soup & tostones
The Plant-based Weekend: Creamy Chard Soup with Tostones

I’ve been traveling so much lately that Steve and I are finally getting around to cooking the dishes that we’d planned, and shopped for, over a month ago. One thing this means is that the cilantro I bought went bad, then went into the compost, late last week.

As such, my weekend travel included a trip to buy some more of it. Since I also needed mirin and green plantain (thankfully I’d forgotten to buy that, a month ago), and had some time on Saturday, I headed to Dragon Star Oriental Foods. There, I picked up my needed groceries and got the added boosts of a) saving money on the herbs, and b) enjoying the dazzling sights of yellow-netted durian, shining pink piles of grouper, and pallets upon pallets of enormous rice sacks, near the registers. Love that place! It intrigues me so much that it may help get me, finally, to travel to a new (to me) part of the world, soon.

Armed with cilantro, I was able to pull together the meal that we’d planned, so long ago: Creamy Chard Soup with Tostones and Jerk Tempeh with Cilantro Sauce. Both were items from Bryant Terry’s The Inspired Vegan: Seasonal Ingredients, Creative Recipes, Mouthwatering Menus. Though I’d planned on also preparing the garlic rice recipe from that book, I ended up just doing a batch of simple basmati, which worked fine, especially as there was plenty of flavor already from the tempeh marinade and the cilantro sauce. What a delicious meal!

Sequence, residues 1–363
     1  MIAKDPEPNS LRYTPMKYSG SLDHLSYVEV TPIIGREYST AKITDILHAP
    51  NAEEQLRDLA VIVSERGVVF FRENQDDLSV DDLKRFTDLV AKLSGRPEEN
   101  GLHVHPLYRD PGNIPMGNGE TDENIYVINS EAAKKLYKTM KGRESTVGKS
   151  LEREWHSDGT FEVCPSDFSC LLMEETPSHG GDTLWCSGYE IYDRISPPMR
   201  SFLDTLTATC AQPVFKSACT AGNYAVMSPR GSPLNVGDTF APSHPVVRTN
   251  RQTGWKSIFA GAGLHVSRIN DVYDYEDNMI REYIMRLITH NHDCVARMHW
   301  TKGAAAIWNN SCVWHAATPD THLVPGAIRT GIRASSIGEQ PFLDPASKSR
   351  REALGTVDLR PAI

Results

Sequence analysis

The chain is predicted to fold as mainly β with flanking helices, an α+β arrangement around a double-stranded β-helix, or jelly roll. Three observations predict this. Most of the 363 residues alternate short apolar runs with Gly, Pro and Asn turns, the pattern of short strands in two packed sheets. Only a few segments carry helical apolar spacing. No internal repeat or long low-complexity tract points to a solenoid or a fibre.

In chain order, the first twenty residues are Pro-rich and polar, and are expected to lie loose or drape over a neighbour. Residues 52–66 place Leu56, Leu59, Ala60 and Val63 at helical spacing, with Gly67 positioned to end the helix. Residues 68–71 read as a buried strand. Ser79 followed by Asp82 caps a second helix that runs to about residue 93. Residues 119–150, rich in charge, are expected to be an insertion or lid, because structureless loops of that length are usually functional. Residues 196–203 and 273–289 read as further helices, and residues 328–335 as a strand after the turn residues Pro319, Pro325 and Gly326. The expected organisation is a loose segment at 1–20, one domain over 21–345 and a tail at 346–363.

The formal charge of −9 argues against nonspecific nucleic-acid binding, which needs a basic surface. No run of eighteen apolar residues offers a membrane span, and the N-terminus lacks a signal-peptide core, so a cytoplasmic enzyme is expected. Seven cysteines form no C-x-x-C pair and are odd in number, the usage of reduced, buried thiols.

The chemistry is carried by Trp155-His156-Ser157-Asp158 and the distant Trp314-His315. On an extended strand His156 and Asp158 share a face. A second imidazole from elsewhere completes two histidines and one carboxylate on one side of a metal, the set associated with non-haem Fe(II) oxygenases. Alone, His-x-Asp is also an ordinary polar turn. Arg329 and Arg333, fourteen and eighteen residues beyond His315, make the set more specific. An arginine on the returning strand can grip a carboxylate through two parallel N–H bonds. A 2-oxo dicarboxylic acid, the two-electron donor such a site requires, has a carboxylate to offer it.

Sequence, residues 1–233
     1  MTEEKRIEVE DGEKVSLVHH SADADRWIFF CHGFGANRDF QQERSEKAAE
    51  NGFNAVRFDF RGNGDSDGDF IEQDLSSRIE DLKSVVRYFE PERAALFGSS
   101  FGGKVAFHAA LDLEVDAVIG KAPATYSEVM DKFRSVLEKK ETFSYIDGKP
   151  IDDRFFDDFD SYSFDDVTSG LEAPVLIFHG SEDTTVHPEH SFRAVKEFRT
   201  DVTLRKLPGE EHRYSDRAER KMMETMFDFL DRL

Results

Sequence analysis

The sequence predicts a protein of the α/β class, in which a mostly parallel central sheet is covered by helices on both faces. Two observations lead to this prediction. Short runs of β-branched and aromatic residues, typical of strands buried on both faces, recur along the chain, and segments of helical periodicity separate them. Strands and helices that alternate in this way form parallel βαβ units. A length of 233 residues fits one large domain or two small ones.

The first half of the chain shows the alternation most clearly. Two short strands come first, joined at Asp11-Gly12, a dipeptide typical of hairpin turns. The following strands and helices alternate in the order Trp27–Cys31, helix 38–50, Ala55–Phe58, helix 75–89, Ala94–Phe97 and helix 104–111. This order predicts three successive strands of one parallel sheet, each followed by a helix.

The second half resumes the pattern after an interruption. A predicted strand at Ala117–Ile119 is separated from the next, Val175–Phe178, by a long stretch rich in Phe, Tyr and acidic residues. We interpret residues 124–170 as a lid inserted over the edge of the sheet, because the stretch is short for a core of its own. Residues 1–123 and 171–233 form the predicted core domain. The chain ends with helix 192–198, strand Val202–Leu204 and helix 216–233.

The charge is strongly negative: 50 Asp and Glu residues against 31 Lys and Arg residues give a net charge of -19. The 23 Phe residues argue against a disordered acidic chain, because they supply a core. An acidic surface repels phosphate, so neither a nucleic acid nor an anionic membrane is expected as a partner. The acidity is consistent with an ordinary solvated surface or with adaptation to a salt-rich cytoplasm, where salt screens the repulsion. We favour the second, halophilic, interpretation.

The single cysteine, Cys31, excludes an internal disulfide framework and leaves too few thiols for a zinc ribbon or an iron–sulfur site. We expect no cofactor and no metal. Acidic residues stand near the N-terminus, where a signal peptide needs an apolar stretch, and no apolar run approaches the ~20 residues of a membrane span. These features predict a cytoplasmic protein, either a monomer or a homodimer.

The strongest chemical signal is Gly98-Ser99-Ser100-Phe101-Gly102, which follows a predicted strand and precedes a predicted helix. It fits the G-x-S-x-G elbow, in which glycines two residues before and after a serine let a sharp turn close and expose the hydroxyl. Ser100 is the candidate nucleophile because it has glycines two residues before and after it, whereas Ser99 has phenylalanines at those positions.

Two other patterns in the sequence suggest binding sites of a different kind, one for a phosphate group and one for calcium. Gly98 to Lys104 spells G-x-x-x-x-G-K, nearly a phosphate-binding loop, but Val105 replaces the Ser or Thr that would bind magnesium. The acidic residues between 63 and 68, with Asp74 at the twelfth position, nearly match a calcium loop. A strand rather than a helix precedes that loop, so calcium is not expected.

smoothie
A fine use of mushy apple

Wondering why those plantains above look like flowers? They are double-fried: once fried in coconut oil, then cooled, smashed with the side of one of my cleavers, then fried once more, to provide maximum crispy surface area.

Also prepared & consumed this weekend, along the catch-up theme: a smoothie that used up the good half of a half-rotten Honeycrisp, and a Moroccan potato dish (yes, we had to update our potato supply for that one, too) that Steve had chosen from our newer Paula Wolfert cookbook. Both provided terrific sustenance for a weekend of reading, party-hopping, a short run, and some challenging power yoga. The leftovers will provide a fine meatless-Monday dinner tonight, as well.

Does anyone else find it challenging, to get all of your produce eaten before it goes bad? Maybe we need to consider cooking with frozen or canned produce, more often. We are fortunate to have the room out back for a composter, and to use the compost in the garden, but I’d rather not pay good cash to feed those wee reducers.

One thought on “Cilantro, 99 cents for two bunches

  1. I definitely find it challenging to eat all my productive before it goes bad. Even when I’ve been organized and planned out meals for the week. Something always comes up or there are more leftovers than I anticipated or I just don’t feel like cooking!

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